National Preparedness Month – How to Build a Lasting Legacy
August 29, 2022 | by BMI Staff
September is National Preparedness Month, which is an annual safety observance hosted by the government, reminding families across the country of the importance of preparing for disaster ahead of time. The theme for 2022 is “A Lasting Legacy,” and the goal is to spread awareness regarding the importance of protecting that which you’ve worked so hard to build. Your family’s lifestyle is important. It is a culmination of years of hard work, various personalities coming together to form unique traditions, and a way of life for those you love the most. Protect not only your assets like your home and car this month, but also your family’s foundation of traditions and customs, which can all-too-quickly become turned on their heads in the face of a life-altering disaster.
Sign up for local weather and emergency alerts
As a society, we are rapidly evolving to rely on our mobile devices for many of our daily tasks. Because we need them for so many things, they’re always on us. Utilize this pocket-sized library of information when preparing for disaster by signing up to receive free weather alerts, which will come directly to your phone the moment they arise. One simple way to receive weather alerts specific to your geographic area is to download The Weather Channel app and enter your location. Additionally, because this is a nation-wide resource, the app will track your location when you travel and alert you of weather emergencies wherever you may be.
Prepare an emergency kit
If you have a storm shelter or basement where your family knows to hunker down during extreme weather, make sure the area is also stocked with supplies that may end up being the difference between life and death. Below is a list provided by ready.gov that includes several items that may assist you and your family in navigating a potential disaster:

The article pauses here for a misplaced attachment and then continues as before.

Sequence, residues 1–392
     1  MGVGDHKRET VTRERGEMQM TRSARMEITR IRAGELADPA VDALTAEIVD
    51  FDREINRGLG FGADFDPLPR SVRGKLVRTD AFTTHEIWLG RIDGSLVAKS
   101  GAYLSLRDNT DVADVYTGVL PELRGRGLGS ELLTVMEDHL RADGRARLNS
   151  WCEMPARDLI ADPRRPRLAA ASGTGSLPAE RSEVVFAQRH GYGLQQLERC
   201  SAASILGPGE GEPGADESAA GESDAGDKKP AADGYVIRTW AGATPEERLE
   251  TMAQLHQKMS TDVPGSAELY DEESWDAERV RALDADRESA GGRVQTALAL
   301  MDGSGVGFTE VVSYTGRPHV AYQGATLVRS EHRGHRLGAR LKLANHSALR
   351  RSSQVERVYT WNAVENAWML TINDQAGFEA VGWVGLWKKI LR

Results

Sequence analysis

- Water (one gallon per person per day for several days, for drinking and sanitation)
- Food (at least a several-day supply of non-perishable food)
- Battery-powered or hand crank radio and a NOAA Weather Radio with tone alert
- First aid kit
- Extra batteries
- Whistle (to signal for help)
- Dust mask (to help filter contaminated air)
- Plastic sheeting and duct tape (to shelter in place)
- Moist towelettes, garbage bags and plastic ties (for personal sanitation)
- Wrench or pliers (to turn off utilities)
- Manual can opener (for food)
- Local maps
- Cell phone with chargers and a backup battery
Some additional considerations for your emergency kit may include pet food, prescription medication, infant formula, and other daily necessities based on your lifestyle and family members’ health needs.
Make a family communications plan
Planning for multiple, common scenarios that your family might be in when disaster strikes is a necessary part of becoming prepared. Create several plans for each scenario your family may be in, as many disasters happen during the day when your family might be separated.
- Make sure every family member has a cell phone and program a list of emergency phone numbers (fire, police, ambulance, etc.) along with family member’s numbers.
- Teach your children how and when to call 911 for help.
- Teach your children how to send a text message, as this form of communication might be more accessible than a phone call during outages.
- Decide on multiple meeting places for your family to regroup after a disaster. For example, if you are all in the house, meet in the basement. If you are all separated throughout town by work and school, decide on a meeting place that is walkable for all parties.
- Create a contact card for each member of the family, complete with names, numbers, and addresses of both local and out-of-town family members. Keep these cards in a purse, wallet or child’s backpack. Include an emergency contact name and number, an out-of-town contact name and number, a neighborhood meeting place and any other important information.
We hope that these tips to create a disaster preparedness plan will help you feel more at-ease about the possibility of severe weather. Ready.gov would like to remind you that protecting your family is the best plan you can make!